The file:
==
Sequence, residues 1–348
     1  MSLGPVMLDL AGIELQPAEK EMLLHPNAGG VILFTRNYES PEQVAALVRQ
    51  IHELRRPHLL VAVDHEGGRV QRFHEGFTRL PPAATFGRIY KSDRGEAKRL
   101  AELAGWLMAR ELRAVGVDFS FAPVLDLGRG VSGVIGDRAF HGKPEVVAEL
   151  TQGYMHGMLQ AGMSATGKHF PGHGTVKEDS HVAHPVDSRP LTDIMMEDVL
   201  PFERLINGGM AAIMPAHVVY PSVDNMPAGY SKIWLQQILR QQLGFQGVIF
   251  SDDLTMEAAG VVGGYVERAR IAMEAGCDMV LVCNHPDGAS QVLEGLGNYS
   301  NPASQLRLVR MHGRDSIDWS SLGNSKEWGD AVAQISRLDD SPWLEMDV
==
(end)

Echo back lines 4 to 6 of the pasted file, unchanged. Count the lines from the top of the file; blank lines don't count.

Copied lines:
   101  AELAGWLMAR ELRAVGVDFS FAPVLDLGRG VSGVIGDRAF HGKPEVVAEL
   151  TQGYMHGMLQ AGMSATGKHF PGHGTVKEDS HVAHPVDSRP LTDIMMEDVL
   201  PFERLINGGM AAIMPAHVVY PSVDNMPAGY SKIWLQQILR QQLGFQGVIF